The attorney handpicked by Attorney General William BarrBill BarrTrump pushes back on book claims, says he spent 'virtually no time' discussing election with Lee, Graham Woodward: Milley was 'setting in motion sensible precautions' with calls to China Barr-Durham investigation again fails to produce a main event MORE to investigate the origins of the probe into the Trump campaign and Russia's election interference has reportedly found no evidence to support claims from conservatives that the case was a setup by U.S. intelligence officials.
Sources told The Washington Post that John DurhamJohn DurhamBarr-Durham investigation again fails to produce a main event Clinton lawyer's indictment reveals 'bag of tricks' Attorney charged in Durham investigation pleads not guilty MORE, the U.S. attorney chosen by Barr to lead the investigation, told the Justice Department's inspector general (IG), who conducted his own probe, that he has found no evidence to support claims that a Maltese professor who spoke with former Trump campaign adviser George Papadopoulos was secretly a U.S. intelligence asset.
Allies of the president have claimed for months that the professor, Joseph Mifsud, who spoke with Papadopoulos about the possibility of obtaining Hillary ClintonHillary Diane Rodham ClintonDemocrats worry negative images are defining White House Heller won't say if Biden won election Whitmer trailing GOP challenger by 6 points in Michigan governor race: poll MORE's stolen emails, was actually an asset of U.S. intelligence agencies seeking to set up the Trump campaign on criminal charges.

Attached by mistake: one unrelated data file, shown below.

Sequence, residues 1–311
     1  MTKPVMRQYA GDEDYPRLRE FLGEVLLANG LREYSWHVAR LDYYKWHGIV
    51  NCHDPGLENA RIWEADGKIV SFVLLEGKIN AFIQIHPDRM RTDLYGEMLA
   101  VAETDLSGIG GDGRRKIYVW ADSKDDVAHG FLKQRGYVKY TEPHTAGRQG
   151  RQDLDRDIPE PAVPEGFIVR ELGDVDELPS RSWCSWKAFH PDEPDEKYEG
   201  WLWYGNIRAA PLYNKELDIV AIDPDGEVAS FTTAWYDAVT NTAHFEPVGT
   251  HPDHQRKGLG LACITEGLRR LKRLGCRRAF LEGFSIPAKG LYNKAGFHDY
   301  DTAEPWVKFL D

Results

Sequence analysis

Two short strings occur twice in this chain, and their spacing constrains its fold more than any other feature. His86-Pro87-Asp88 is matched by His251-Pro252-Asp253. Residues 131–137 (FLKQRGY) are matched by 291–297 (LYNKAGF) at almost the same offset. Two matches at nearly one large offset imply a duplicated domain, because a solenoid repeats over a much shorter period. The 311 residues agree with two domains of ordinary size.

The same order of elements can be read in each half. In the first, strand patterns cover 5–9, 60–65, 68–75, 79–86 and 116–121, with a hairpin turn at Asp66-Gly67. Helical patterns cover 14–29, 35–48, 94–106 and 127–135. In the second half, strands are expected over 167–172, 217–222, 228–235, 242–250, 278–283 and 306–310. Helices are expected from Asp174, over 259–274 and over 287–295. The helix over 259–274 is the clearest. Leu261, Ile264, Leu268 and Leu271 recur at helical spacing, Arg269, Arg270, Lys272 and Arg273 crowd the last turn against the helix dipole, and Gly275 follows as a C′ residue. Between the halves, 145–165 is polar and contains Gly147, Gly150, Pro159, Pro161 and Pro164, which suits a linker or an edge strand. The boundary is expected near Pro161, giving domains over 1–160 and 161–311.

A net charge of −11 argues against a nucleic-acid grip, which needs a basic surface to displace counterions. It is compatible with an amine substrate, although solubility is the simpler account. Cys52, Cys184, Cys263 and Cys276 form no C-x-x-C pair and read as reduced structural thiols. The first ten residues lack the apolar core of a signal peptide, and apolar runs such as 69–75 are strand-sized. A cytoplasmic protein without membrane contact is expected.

Sources close to the investigation added to the Post that the draft report written by IG David Horowitz is likely to detail instances of misconduct by FBI agents involved with the investigation but to conclude that top FBI officials did not act with political bias during the 2016 election.
“His excellent work has uncovered significant information that the American people will soon be able to read for themselves,” a spokeswoman for the Justice Department told the Post of the report's upcoming release. “Rather than speculating, people should read the report for themselves next week, watch the Inspector General’s testimony before the Senate Judiciary Committee, and draw their own conclusions about these important matters.”
Republicans have argued since the inception of the now-shuttered special counsel investigation into the Trump campaign that the probe was launched improperly based on unfounded accusations detailed in a dossier crafted by an ex-British intelligence agent, Christopher Steele, and used by the Obama administration to hurt President TrumpDonald TrumpGraham says he hopes that Trump runs again Trump says Stacey Abrams 'might be better than existing governor' Kemp Executive privilege fight poses hurdles for Trump MORE's chances of being elected.
Top former officials at the FBI have roundly dismissed that claim, arguing that the investigation was conducted without political bias.